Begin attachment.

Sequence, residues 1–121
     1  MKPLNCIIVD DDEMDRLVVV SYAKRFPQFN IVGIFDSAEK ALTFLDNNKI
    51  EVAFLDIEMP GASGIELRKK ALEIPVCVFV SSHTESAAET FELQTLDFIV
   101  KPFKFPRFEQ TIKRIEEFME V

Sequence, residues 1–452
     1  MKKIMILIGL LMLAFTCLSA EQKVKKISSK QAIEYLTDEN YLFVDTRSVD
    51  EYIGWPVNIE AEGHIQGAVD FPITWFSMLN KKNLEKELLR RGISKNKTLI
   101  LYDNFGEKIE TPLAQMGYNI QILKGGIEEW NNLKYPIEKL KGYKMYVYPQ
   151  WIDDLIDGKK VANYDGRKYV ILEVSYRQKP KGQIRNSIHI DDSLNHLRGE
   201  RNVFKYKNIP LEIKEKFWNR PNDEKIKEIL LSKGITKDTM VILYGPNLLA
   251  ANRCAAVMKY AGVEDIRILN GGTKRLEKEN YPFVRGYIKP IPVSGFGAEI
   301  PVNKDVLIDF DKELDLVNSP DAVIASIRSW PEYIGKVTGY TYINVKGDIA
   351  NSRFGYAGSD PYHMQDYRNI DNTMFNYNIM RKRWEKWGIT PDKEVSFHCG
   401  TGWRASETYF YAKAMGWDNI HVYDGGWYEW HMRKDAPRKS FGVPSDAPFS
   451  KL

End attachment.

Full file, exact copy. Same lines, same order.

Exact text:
Sequence, residues 1–121
     1  MKPLNCIIVD DDEMDRLVVV SYAKRFPQFN IVGIFDSAEK ALTFLDNNKI
    51  EVAFLDIEMP GASGIELRKK ALEIPVCVFV SSHTESAAET FELQTLDFIV
   101  KPFKFPRFEQ TIKRIEEFME V

Sequence, residues 1–452
     1  MKKIMILIGL LMLAFTCLSA EQKVKKISSK QAIEYLTDEN YLFVDTRSVD
    51  EYIGWPVNIE AEGHIQGAVD FPITWFSMLN KKNLEKELLR RGISKNKTLI
   101  LYDNFGEKIE TPLAQMGYNI QILKGGIEEW NNLKYPIEKL KGYKMYVYPQ
   151  WIDDLIDGKK VANYDGRKYV ILEVSYRQKP KGQIRNSIHI DDSLNHLRGE
   201  RNVFKYKNIP LEIKEKFWNR PNDEKIKEIL LSKGITKDTM VILYGPNLLA
   251  ANRCAAVMKY AGVEDIRILN GGTKRLEKEN YPFVRGYIKP IPVSGFGAEI
   301  PVNKDVLIDF DKELDLVNSP DAVIASIRSW PEYIGKVTGY TYINVKGDIA
   351  NSRFGYAGSD PYHMQDYRNI DNTMFNYNIM RKRWEKWGIT PDKEVSFHCG
   401  TGWRASETYF YAKAMGWDNI HVYDGGWYEW HMRKDAPRKS FGVPSDAPFS
   451  KL